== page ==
If noble Lords will bear with me a second, I will try to find the relevant statistics, as asked for by the noble Lord, Lord Grocott. I know I have them in my winding-up notes—I will find them in a second.

It is unfortunate that the initial decision was made without knowledge of the statutory requirements, but the appropriate steps were taken to ensure that the decision to make this order was not made until the requirements had been met. I am satisfied that the Home Secretary acted well within the legislation as soon as he became aware of this initial oversight. I call on Members of your Lordships’ House to reject the amendment tabled by the noble Lord. I hope that what I have said provides some reassurance and clarity.

I thank the House for its indulgence; I have found the numbers, with thanks to the noble Lord, Lord Gascoigne. The public consultation ran from 20 December 2023 to 31 January 2024. The Government’s response to the consultation was published when this order was laid before Parliament. The total number of responses received was 7,103—a good deal more than those received by other consultations relating to devolution proposals. Of those responses, 46% agreed with the proposal, 50% disagreed and 4% said that they did not know. I beg to move.

Amendment to the Motion

Moved by
Lord Bach Portrait Lord Bach
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At end to insert “but this House regrets that the draft Order entails the transfer of power being completed without the consent of other relevant local authorities; and notes that the Secondary Legislation Scrutiny Committee concluded that the public consultation required by law was not commenced before an initial decision was made.”

Lord Bach Portrait Lord Bach (Lab)
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My Lords, in short, my amendment is based on two separate but interlocked criticisms of the Government and their conduct. First, I argue that the Government, in their desire to see the current Mayor of the West Midlands add the role of police and crime commissioner to his already extensive portfolio, have deliberately subverted the principle that they themselves put into earlier legislation: that there should be real democratic support before such a fundamental change. In other words, proper consent for such a course was considered essential before such a transfer of power could take place. That has not happened here, as a deliberate part of the Government’s strategy.

Secondly—and here the Home Office is the main culprit—the timing of and background to this statutory instrument have been rightly criticised by the Secondary Legislation Scrutiny Committee. In an extremely critical report, the committee points out what can only be described as incompetence by the department. The headline of a release put out by the committee to accompany its 15th report put it like this: “Elections potentially undermined by poor process, says Lords Committee”. The release said that:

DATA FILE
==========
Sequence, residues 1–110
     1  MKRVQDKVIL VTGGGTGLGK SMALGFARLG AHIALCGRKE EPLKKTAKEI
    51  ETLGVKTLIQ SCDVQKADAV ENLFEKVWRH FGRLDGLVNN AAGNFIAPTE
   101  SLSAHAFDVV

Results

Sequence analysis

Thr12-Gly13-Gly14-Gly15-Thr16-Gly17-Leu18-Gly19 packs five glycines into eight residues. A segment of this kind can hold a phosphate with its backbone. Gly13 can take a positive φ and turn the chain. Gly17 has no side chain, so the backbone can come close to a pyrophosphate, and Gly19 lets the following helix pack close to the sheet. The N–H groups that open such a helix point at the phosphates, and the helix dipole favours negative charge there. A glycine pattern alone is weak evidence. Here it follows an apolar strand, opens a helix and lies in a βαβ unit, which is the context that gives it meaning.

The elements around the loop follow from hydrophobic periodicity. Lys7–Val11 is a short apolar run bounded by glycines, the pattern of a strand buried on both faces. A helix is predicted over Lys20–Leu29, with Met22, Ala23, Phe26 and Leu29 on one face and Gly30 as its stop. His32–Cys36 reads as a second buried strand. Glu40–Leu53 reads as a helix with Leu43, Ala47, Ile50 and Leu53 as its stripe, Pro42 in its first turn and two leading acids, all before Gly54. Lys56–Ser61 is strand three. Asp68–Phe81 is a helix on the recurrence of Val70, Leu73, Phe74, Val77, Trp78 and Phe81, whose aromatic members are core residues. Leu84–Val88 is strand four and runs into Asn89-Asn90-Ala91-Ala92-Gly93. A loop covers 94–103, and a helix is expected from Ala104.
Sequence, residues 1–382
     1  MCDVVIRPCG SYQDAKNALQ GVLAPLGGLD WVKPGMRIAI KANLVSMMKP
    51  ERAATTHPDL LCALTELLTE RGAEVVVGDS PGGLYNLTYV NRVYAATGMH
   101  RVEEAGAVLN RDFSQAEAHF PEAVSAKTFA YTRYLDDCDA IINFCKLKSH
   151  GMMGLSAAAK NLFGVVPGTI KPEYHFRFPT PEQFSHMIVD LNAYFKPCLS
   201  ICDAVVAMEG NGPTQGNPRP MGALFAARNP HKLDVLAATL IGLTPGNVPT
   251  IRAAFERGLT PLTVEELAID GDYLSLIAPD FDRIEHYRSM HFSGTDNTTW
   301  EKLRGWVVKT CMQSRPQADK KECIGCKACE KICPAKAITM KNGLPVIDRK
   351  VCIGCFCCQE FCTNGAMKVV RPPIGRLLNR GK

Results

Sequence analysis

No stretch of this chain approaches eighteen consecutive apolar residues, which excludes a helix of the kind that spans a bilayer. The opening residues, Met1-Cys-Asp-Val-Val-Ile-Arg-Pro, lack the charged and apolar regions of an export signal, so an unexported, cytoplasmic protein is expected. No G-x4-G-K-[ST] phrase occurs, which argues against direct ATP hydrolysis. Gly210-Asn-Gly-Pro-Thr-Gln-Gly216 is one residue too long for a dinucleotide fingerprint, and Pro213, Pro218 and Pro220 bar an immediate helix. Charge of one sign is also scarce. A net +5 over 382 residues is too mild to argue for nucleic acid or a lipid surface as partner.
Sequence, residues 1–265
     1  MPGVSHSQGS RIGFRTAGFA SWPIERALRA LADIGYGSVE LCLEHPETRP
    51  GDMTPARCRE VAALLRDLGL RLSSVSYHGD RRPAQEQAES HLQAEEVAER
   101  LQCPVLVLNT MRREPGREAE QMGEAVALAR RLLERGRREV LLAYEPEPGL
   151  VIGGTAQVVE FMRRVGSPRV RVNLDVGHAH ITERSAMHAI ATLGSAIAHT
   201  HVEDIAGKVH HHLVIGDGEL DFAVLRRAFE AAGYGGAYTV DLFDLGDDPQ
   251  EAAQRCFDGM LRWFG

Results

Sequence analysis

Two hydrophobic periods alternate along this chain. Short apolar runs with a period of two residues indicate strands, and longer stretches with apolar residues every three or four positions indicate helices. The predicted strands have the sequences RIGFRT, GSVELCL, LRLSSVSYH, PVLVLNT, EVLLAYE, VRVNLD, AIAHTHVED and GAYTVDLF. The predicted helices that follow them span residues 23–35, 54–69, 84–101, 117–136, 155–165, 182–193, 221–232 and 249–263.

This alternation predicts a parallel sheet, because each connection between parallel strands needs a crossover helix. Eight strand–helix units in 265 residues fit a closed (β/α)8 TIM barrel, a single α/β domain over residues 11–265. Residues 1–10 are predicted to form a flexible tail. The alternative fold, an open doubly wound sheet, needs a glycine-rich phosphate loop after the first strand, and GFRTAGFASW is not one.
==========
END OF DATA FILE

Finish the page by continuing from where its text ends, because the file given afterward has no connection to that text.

“The Committee expressed concern that both Orders have been laid before Parliament close to the intended date of the next election (2 May 2024), less than the minimum six months in advance that is regarded as good practice”.


These two points combined will, I hope, persuade the House to say that this behaviour all round should be deprecated.

I will give a little more detail. In exactly 50 days, on 2 May, there will definitely be an election for the Mayor of the West Midlands. The present incumbent is a Conservative. On the same day, and with the same electorate, covering exactly the same area of Britain, there may be an election for the stand-alone role of the police and crime commissioner for the West Midlands. The present police and crime commissioner, elected some years ago, is Labour.

I put it like that because, yesterday, the Administrative Court heard a judicial review brought by the police and crime commissioner for the West Midlands against the Home Office. At the end of the day, the judge reserved judgment until 18 or 20 March. I am not going to say any more about that court case, which has nothing to do with us—we are Parliament, and it is the judge who will make up his mind—but that is why the matter is not resolved legally yet, and I am here to argue that what has happened in the past means that we should regret this statutory instrument.